With the stunning news of the eviction of water protectors from the Oceti Sakowin camp at the Standing Rock Sioux reservation, site of the almost year-long protest against the Dakota Access Pipeline, many people who supported the No DAPL movement are in despair. This movement was an introduction to native rights organizing for many non-indigenous people, and the false gains achieved in late 2016 made it all the harsher. For native people, however, this terrible loss was part of a centuries-long fight for sovereignty. We mustn't feel hopeless about Standing Rock, and should instead learn from the people leading the movement about how to resist despair in the face of unthinkable disregard for the basic rights to clean water and self-government that have been systemically denied to native people since the founding of this country.
As protesters ceremonially burned the Oceti Sakowin camp prior to their evacuation, social media activity regarding the eviction, complete with reports of a heavy police presence at the camp and rumors of arrests intensified. The news is tragic, especially in light of the false "victory" of the temporary halting of DAPL progress. The water protectors understood that Donald Trump's presidential victory could potentially mean death to their hard-fought campaign to protect their water and sovereignty.
Despite the gravity of this loss and its status as likely the largest popular campaign for indigenous rights adopted by non-natives, this is neither the first nor the last time native people have fought for their rights, and they can provide guidance on how to handle this massive setback on the road to native sovereignty.
Recognize That The Fight Is Far From Over
The Western metaphor for war that is commonly deployed to discuss resistance applies well here — this most recent loss is but a battle in a centuries-long war of resistance. The popularity of the "no bans on stolen land" slogan showing solidarity with immigrants that Trump tried to ban from the country proves native people continue to fight for rights of those who are marginalized.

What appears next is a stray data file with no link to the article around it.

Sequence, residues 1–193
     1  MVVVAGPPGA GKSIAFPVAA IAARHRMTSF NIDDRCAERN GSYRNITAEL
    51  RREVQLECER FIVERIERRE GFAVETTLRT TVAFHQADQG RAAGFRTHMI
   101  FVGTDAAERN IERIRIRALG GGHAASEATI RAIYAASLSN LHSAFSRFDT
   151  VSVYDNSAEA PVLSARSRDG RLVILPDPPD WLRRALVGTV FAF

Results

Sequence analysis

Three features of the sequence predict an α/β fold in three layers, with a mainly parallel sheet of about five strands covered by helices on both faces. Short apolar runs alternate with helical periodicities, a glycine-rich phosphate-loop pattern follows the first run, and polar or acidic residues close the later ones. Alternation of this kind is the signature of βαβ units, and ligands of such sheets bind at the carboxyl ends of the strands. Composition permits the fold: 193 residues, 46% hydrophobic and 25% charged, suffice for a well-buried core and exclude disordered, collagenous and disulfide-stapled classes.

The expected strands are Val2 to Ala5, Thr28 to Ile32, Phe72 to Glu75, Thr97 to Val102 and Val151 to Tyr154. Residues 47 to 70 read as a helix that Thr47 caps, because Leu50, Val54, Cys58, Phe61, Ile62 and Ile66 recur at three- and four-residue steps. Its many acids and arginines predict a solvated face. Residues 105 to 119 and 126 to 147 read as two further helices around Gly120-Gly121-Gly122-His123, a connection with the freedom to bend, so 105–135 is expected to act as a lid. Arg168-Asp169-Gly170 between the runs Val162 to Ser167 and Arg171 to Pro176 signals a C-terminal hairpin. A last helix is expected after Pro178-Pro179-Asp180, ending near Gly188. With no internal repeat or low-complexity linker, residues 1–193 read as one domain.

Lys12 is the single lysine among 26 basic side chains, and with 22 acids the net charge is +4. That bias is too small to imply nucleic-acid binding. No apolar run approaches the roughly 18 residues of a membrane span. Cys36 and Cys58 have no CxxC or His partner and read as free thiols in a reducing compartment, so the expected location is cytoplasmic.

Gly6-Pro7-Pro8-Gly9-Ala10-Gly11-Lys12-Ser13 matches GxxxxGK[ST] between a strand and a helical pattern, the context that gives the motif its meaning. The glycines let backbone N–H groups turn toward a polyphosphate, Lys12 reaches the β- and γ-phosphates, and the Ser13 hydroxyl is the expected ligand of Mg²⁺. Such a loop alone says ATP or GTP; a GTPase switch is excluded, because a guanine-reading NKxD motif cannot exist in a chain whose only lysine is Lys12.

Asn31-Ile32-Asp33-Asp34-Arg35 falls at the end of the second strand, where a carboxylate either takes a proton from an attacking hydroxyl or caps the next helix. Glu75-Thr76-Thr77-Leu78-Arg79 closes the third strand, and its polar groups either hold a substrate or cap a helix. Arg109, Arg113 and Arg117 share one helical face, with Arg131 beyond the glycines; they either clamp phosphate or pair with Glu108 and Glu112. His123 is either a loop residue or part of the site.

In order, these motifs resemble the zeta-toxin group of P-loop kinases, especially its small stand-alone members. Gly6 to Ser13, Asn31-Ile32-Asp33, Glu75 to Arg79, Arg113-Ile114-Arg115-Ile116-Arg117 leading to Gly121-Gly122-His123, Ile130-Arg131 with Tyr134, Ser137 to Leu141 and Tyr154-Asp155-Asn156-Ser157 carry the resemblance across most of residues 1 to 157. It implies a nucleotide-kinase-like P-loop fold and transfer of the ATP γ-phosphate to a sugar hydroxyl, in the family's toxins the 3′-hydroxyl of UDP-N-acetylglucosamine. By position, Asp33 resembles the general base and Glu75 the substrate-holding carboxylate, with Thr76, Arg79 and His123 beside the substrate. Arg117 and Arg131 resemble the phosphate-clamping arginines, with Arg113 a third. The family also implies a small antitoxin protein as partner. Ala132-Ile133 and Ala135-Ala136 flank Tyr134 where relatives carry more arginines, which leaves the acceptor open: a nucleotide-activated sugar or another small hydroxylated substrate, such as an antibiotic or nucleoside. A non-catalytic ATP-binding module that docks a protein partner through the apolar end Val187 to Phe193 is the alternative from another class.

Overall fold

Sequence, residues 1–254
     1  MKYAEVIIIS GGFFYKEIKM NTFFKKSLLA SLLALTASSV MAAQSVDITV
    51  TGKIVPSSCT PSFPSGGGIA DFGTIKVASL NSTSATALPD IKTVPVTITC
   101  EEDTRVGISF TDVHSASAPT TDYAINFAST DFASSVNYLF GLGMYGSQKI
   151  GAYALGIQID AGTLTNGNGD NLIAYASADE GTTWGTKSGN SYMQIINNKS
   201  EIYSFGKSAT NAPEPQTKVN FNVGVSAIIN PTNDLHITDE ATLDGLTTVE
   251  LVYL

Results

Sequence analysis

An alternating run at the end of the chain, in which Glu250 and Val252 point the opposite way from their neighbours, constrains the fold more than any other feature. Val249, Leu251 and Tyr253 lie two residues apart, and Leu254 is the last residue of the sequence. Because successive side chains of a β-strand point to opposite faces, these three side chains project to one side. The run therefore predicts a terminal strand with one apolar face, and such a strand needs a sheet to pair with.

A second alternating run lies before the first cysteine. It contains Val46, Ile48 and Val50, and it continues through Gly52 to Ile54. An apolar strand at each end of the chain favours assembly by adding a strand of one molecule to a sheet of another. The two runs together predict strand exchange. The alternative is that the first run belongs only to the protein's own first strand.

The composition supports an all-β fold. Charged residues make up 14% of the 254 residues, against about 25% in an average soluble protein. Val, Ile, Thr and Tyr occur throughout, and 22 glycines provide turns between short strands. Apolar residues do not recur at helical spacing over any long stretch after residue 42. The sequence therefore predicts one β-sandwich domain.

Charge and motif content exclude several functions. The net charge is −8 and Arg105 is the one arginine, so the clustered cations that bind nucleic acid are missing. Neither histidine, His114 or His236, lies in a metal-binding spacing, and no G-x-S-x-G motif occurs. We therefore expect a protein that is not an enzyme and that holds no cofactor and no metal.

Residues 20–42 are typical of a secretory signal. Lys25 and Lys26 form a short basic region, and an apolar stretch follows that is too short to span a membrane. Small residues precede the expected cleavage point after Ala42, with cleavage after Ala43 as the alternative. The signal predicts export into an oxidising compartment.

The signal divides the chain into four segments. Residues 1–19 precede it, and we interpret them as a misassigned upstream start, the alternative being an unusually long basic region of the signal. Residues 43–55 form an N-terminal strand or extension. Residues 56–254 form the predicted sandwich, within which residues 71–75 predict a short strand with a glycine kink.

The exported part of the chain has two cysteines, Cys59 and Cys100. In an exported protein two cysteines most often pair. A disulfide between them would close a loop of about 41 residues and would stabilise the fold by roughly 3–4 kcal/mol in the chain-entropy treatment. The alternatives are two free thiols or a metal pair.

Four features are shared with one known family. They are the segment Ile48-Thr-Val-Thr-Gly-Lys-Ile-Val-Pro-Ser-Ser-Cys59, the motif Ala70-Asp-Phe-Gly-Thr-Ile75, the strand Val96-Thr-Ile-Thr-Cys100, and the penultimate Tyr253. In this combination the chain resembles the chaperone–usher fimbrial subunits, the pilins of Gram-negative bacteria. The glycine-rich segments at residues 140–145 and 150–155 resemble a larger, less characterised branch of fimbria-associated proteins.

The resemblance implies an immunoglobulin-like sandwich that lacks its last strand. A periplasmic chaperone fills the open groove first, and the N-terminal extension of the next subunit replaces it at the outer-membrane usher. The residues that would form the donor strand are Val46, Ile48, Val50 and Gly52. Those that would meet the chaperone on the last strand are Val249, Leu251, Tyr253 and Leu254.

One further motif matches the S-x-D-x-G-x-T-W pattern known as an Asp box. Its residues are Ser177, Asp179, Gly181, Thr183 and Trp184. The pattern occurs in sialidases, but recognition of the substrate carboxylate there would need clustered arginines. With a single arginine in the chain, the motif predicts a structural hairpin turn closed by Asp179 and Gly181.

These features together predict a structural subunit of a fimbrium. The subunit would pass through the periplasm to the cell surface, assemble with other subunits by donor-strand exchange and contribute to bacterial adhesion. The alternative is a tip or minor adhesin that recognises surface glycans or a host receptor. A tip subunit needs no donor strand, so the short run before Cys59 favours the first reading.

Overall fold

And despite this recent major loss, native people and the allies they've gained with the popularity NoDAPL movement will continue to fight for their rights.
Be Thankful For The Awareness This Movement Has Raised
I can't recall any moment in my lifetime that people cared this much about the rights of native people, and the popular support of the NoDAPL movement counts as a major win in the battle for non-native recognition of native rights issues. There will undoubtedly come a time when native people will call on the support of their new supporters, and this movement will hopefully act as a jumping off point for indigenous allyship in the future.
Appreciate The Power Of Faith
With interfaith support of Standing Rock accompanying general interest in the movement, and with calls for prayers such as the one above, the spiritual aspect of this fight cannot be denied. Rather than hiding their religious practices and beliefs, native people at Standing Rock showed pride and reverence. The DAPL won't just threaten the Standing Rock Sioux's water source — it also runs through sacred grounds, and the fight to protect the water is intrinsically tied to the fight to protect the religion of the tribe. Given the long and sordid history of religious discrimination against native people, this recognition and celebration of native faith is essential.
Never Forget The Long History Of Indigenous Struggle
The NoDAPL movement is but a milestone in the worldwide struggle for indigenous rights and sovereignty. As with so many other groups who have had to fight for their lives, this flashpoint in the native rights movement serves to teach us all that continued resistance, as passed down from generation to generation, isn't just a virtue, but a reality for many people in the U.S. and around the world.
The battle against the Dakota Access pipeline seems to have been lost, and as water protectors mourn, it's time to organize to help people arrested at the eviction and regroup to figure out what comes next — those on the sidelines must support them.
This loss belongs to the Standing Rock Sioux and their coalition of tribal allies, and while sadness, disappointment, and even despair are common emotions in every struggle, we can best serve the water protectors by doing all we can for them without losing ourselves in our own feelings.